Graduating Hawkeye reflects on journey toward embracing first-gen, Latinx identities

University of Iowa senior Alexia Sánchez reflects on her experience navigating campus and embracing her identities as a Latinx and first-generation Hawkeye.

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Contributed/Alexia Sánchez

Lauren White, News Reporter


Latina. First-generation. Hawkeye. In her four years pursuing her undergraduate degree at the University of Iowa, senior Alexia Sánchez has learned to accept and embrace her different identities.

Sánchez will graduate with majors in political science and social justice, and minors in Latinx studies and philosophy. She said she came to the UI as an open major with no idea what she wanted to do.

“As a first-generation student, I never expected to get more than one degree, but the more time I invested in my education, the more I realized what I was capable of,” Sánchez said.

In her time at the UI, Sánchez served in what is now Undergraduate Student Government for three years. In 2018, she directed the Homecoming Parade and ran for student-body president, making her the first Latina student in UI history to do either. Although she did not win the presidency, Sánchez said she hopes that one day a Latina can break the glass ceiling by doing so.

She spearheaded the creation of the Unidos Living Learning Community, a designated residence hall floor for Latinx students to be emerged in and educated on their culture while surrounded by people who share their Latinx identity. It will open to students in fall 2020.

“Gearing up toward my final year on campus, there were a lot of things I wanted to cross off my college bucket list before walking across the stage,” Sánchez said. “They were things I always had the mentality of completing, but unfortunately there were a lot of things I wasn’t able to do.”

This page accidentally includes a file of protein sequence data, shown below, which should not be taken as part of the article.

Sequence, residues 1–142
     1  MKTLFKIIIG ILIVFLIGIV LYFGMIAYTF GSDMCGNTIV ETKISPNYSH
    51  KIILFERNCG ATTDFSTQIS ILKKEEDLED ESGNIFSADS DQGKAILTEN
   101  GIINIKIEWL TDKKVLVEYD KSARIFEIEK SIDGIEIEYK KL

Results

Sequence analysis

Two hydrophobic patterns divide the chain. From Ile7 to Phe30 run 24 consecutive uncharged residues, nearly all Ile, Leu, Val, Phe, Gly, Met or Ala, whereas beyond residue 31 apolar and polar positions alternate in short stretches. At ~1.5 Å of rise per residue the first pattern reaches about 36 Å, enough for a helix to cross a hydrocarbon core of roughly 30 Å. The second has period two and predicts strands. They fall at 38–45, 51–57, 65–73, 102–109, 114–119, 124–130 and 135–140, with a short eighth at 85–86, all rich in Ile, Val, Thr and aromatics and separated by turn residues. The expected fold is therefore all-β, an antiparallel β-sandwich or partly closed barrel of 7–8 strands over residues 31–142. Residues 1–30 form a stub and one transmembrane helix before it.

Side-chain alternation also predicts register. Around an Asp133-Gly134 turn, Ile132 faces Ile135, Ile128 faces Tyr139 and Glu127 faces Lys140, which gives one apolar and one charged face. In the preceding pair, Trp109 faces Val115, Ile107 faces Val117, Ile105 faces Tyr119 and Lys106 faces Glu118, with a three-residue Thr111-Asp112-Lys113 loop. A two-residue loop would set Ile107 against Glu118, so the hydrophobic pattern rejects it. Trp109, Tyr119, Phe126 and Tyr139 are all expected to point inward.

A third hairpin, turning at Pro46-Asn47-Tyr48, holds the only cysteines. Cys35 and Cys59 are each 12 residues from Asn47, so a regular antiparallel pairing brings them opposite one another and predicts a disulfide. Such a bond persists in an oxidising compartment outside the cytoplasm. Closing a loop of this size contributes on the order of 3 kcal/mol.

RELATED: UI creates Latinx Living Learning Community to unite students

But there’s a lot the first-generation student did accomplish, said Gabriela Rivera, assistant director of Diversity, Inclusion, and Student Success at the Tippie College of Business. Rivera added that she has been asked to write letters of recommendation for Sánchez before, and that it’s not hard to write a letter of support for someone who has done so much for the university.

Rivera said Sánchez got involved in so many ways on campus, and it was great to know her personally and professionally.

“I’m excited that she’s taken the opportunity to say ‘yes’ to great experiences and it’s great that she can balance a lot in her busy schedule,” Rivera said.

Tippie Undergraduate Programs Associate Dean Ken Brown said Sánchez is generous and caring by nature, and that she was a blessing to have at the UI.

“At Iowa, Alexia has been a tireless champion for marginalized and at-risk students,” Brown said. “Her advocacy for first-generation and Latinx students, in particular, have resulted in lasting change to policies here on campus that will help thousands of students.”

Sánchez said she hopes to work in immigration, whether through a nonprofit or law career. To improve circumstances for American immigrants and immigrants around the world is a pursuit she’s been passionate about for many years.

She said she will continue to carry with her the advice she received to “remember her roots.” Sánchez said she recognizes that she experiences privileges which her family that came before her never had.

Patrick Dolan, an academic adviser for the social-justice major, said Sánchez has dedicated herself to combatting the oppressions associated with her identity and is open to hearing other perspectives when she’s in a diverse group.

Dolan said the social-justice program attracts students who want to make life better for people who have been marginalized, stigmatized, and put down. Sánchez is proof that those who take control of the opportunities they have can accomplish an enormous amount, he said, even as an undergraduate.

“I’ve been teaching at Iowa for 40 years,” Dolan said. “In my experience very, very few Iowa students have worked as hard, and have had as much success as Alexia. It makes me glad to be here.”

Sánchez said she is disappointed that she will miss out on the final farewells and moments of appreciation with the various campus community members who were part of her UI journey. She wanted to celebrate them, Sánchez said, just as they are celebrating her.

When Sánchez graduates, she said, it’s like her family is graduating with her. Therefore, she will most likely return next academic year to participate in an in-person commencement ceremony, in addition to participating in the spring 2020 virtual graduation.

“The symbolism of walking across the stage is very important,” Sánchez said. “I see it as though my family crossed the border so that I could cross the stage.”

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